Saturday, September 09, 2006

Wind that Shakes the Barley

I talked to some one in who has seen this movie who found it very violent. Any movie about combating Irish terrorists is going to be violent. Considering Ken Loach's political sympathies the bogeyman will probably the tyranical British army that oppresses the Irish freedom fighters. Freedom fighter is the term you use will you approve either of the terrorist or his ideal.

My argument with the woman who was struck by the grimness of WTSTB yesterday was that many Brittish versions of pop culture are much grimmer and nastier. Judge Dredd is British comicbook "hero". He is not a lone super hero who fights for justice but a police that enforces law. Superman doesn't execute perps for crimes and misdemeanors, Judge Dredd does. Dungeons and Dragons and Warhammer are both roleplaying games with a magic and medieval setting. Warhammer is sadder game played by people who know that bad things can and do happen. D&D is played in happy, sunlit suburbs devoid of even cartoon nihilism.

This movie is about the hard men of the IRA who rob, maim and murder in pursuit of a "Free Ireland". These are the only terrorists Americans have consistantly loved. I was Talking To a man from Scranton who said that IRA fundraisers still regularly visit. The movie is set between years after WW1 and the establishment of Irish Free State. The fighting in the movie as such is actually two wars. The first war is fought against the "forces of oppression" and the secound war is a civil war to control the new country. The story open with an Irish field hockey game , or hurling. The game violates the state emergency.After the game ends sides a squad of Black&Tans arrive annoyed at lawless disorder. One teenage idiot athlete mouths off and is beaten to death. This happy tone prevades the rest of the movie.

The movie was as violent as I was lead to believe. Many people in my immediate vicinity left not be able to take the gore. The actual amounts of violence is not that much when compared with war or slasher films. But what makes it grevious for the viewer is the emotional connection we feel. The murdered/killed/executed in the movie are not random mooks but characters that have been in many scenes before. Both executions are, at least in part, the IRA killing their own. The first IRA murder/execution is of teenager IRA terrorist who accidently blabed some tiny bit of tactical intelligence. He is whacked along with a local lord. The last execution is one our heroes, Damien, with his brother, Teddy, leading the execution squad. Shed no tears for Damien because earlier he follows orders and whacks his childhood friend.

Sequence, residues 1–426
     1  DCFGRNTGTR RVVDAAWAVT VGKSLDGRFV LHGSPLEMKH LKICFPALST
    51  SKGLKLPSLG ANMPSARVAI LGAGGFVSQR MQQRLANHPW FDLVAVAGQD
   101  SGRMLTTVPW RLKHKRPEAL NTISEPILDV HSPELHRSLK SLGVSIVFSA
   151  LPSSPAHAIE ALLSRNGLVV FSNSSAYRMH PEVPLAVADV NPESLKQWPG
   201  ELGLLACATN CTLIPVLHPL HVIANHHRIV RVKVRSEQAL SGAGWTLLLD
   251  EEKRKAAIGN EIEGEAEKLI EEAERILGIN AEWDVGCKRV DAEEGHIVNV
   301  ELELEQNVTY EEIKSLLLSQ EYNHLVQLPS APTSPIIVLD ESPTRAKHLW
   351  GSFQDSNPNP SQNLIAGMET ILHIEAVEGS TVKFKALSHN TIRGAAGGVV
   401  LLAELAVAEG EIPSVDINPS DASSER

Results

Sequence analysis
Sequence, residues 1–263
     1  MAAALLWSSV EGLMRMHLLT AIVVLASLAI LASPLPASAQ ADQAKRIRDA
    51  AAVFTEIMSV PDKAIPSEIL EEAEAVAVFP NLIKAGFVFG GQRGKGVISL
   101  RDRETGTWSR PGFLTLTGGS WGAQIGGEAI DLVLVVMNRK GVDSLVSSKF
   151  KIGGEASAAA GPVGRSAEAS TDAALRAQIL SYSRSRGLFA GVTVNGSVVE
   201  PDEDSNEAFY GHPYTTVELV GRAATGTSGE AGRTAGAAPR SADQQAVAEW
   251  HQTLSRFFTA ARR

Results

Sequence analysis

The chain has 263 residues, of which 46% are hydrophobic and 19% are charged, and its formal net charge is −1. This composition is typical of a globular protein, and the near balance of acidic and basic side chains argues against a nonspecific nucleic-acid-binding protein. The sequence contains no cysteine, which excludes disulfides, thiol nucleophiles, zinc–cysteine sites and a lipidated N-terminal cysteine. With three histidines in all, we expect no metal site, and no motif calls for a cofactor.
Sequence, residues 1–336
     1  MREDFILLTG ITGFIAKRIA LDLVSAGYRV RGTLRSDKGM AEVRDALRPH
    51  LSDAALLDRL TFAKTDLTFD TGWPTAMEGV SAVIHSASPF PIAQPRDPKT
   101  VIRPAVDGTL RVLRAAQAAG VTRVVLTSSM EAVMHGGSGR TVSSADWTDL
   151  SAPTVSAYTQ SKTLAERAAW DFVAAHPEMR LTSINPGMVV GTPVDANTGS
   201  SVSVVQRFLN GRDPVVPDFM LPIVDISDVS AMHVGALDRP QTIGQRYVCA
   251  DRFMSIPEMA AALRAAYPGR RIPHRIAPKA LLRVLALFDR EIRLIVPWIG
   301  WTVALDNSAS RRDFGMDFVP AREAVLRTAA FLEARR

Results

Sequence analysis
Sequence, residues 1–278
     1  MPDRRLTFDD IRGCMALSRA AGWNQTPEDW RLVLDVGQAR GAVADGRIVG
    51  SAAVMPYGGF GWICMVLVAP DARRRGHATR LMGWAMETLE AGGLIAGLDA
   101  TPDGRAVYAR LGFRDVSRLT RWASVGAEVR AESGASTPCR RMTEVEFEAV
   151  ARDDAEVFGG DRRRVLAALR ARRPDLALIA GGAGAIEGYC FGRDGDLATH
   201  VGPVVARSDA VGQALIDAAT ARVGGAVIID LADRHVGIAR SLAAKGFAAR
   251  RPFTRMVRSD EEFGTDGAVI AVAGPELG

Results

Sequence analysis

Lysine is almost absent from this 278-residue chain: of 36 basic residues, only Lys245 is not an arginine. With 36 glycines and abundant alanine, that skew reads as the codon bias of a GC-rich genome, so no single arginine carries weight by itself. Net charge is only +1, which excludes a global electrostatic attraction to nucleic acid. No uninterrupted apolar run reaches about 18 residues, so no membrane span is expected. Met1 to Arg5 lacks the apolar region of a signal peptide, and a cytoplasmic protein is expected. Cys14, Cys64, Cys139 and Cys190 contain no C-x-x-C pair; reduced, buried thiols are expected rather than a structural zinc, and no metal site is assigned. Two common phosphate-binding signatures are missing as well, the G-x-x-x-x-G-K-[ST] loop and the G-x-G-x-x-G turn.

There is also a torture scene after one where our friendly lads, the murdering scum, are arrested. This bothered me more because the torture was amateur then the pain being inflicted. The torture /interogration was done in an angry way tahat lead the questioner to miss some cruical questions. The torture focussed merely on the pain that physical injury can cause. Amateur hour. The problem with this sort of torture is the body eventually adjusts to the level of pain. The other problem with pulling out fingernails is that the exercise is not endless repeatable as the perp adjusts to new pain level and he runs out of fingernails, toenails and other easily damaged body parts. A better and repeaterable technique is the deprevation of oxygen or drowning. This is the submarine method, there is also the dry submarine where a plastic bag is placed over a perp head, but plastic bags were not readily available in 1920's Ireland. With the submarine you force the subject's head underwater to near point of drowning and repeat as neccessary until the subject is cooperative. You must also be careful not accidently drown the subject as this wastes time already invested.

What I learned: You can always find reasons to execute.

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